4

I've really been harping on things like this recently, and I think I need to go somewhere else to cool down for a bit. So I'm deleting my account for now but intending to continue visiting in the future. I really enjoy this site. Please read this more as a jermiad against an attitude than a diatribe against this community or any of its members.

I really felt ambivalent to this post I'm spoofing. I recently-ish left a situation where labels and negativity played a key role, and find myself wishing I had said something about it while it was happening. (The biggest reason now I feel a need to speak out.) So I agree on some level with what the original post is saying. But on another level, I see put-downs as already prevalent in ourselves in our comments, chat, and Meta -- and arguably votes. Is what we're getting out a reflection of what we're putting in?

Really: don't take the following spoof too seriously. I didn't even make the tag it claims I made, though I did sort out some candidates I thought were nice if others are interested. We've already got the rest of the spectrum with and . But the wiki entry may need to be edited, because that was just a thesaurus substitution. (A description about how is distinct from would help.) A lot of the spoof is that way.

Here it is:

Can anything be done for well-wishing requests for terminology?

tl;dr: Nice people are awesome, and we should help them.


EDIT: I don’t actually believe anything mechanical can be done here, and I certainly don’t expect a “protected due to niceness” reason. That’s just plain silliness. But questions asking about endearments or praises are questions that deserve to be labelled compliments. It bothered me how few of these there were, and how they tend to draw responses of good (but ordinary) words. But it doesn’t look bad.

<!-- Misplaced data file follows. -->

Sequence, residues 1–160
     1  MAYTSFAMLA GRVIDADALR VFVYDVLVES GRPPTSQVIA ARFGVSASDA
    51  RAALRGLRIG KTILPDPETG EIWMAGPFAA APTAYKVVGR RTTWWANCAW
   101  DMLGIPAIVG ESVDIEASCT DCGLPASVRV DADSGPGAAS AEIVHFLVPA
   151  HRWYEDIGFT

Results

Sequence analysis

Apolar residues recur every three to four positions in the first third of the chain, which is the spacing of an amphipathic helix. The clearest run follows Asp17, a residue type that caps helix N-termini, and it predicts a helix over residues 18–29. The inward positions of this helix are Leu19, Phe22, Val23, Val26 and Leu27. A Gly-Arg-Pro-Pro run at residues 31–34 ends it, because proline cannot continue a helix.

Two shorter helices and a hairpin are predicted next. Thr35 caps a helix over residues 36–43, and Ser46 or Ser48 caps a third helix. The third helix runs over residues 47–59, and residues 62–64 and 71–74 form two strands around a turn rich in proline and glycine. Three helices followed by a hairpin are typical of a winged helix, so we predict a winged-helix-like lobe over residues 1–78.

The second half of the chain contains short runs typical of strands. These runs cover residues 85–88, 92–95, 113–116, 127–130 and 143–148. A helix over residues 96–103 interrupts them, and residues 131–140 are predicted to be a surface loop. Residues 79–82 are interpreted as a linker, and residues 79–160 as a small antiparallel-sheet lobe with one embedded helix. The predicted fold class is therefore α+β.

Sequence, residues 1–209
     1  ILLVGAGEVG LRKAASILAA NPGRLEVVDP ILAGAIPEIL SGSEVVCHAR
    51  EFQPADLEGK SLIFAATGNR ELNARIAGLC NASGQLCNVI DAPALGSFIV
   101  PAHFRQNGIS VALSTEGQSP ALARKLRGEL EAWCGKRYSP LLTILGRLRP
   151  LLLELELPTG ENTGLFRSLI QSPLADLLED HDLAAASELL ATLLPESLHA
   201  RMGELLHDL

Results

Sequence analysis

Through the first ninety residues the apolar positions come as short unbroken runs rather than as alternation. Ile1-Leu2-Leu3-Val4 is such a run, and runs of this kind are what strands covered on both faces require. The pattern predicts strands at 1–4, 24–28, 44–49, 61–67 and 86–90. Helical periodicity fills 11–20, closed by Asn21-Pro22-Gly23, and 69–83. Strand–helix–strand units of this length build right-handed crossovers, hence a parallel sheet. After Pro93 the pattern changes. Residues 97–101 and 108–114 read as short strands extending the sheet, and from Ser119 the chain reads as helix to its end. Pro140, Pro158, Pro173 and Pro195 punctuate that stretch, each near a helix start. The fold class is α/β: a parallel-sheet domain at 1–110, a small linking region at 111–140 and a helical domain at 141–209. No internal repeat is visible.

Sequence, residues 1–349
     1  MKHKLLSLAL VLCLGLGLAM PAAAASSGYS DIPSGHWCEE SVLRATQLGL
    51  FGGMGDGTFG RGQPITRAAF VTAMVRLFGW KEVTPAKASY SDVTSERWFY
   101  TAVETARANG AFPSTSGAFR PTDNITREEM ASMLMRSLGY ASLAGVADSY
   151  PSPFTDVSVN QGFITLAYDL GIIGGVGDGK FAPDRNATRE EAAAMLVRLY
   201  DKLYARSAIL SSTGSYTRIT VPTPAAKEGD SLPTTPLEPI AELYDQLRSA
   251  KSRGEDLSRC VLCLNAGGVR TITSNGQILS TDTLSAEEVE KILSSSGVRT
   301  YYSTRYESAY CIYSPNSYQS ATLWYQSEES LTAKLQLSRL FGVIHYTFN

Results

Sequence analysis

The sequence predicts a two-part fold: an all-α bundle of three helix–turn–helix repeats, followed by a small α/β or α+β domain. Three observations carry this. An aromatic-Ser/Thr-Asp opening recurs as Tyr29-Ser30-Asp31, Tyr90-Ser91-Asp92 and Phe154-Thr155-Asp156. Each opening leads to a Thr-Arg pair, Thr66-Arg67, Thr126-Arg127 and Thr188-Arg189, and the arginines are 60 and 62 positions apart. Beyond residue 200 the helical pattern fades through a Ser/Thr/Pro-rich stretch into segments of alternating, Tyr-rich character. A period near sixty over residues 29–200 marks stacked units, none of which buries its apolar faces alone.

Why aren't we helping people help each other more?

For nearly as long as the tag has existed, it has been a source of several distinct types of controversy. On occasion, these have been raised here on our meta. For example:

But one particularly nice form of these questions are those that are really just asking for our help in coming up with a new way to lift others up. I made a new tag just for such requests, and went back and tagged some of the questions that I felt met the following criteria as taken from its tag wiki:

Compliments are any language that portray someone or something in a positive light, no matter whether it is intended to be exalting and edifying, congratulatory or approving, magnifying or effusive, or even adoring. It’s anything that makes someone or something look good.

After tagging the first dozen questions I could find, I progressed with hope — but there are others still. I wish these were some of our most frequent duplicates, though, which would just add compliment to .

As I have elsewhere observed, all these questions had their genesis in beauty. Each was looking for some especially nice new word to use for somebody whose behavior or characteristics they strongly approved of.

I think it is a healthy thing for the questioner, and good for our site and the larger social context, for us to be forever providing people with nice words to use to commit verbal victories with one another, even if it is only in their own heads.

But is there really anything to be done for it?

There are many reasons why these requests are scarce, and simply adding a tag will do nothing to address the underlying issues, because people have just found somewhere else to ask the same thing. This seems entrenched in human nature, an inherent social issue.

In days of old, the least researched of these would on occasion be closed as “Not Constructive”, but that is no longer a close reason available to us here. Some of them were so nice that they were quickly embraced by our site, but many remain unasked.

I would like to see constructive discussion about anything we might possibly do to encourage these sorts of well-wishing questions. I think it makes us look good, and I know it is going to be used in a kind manner.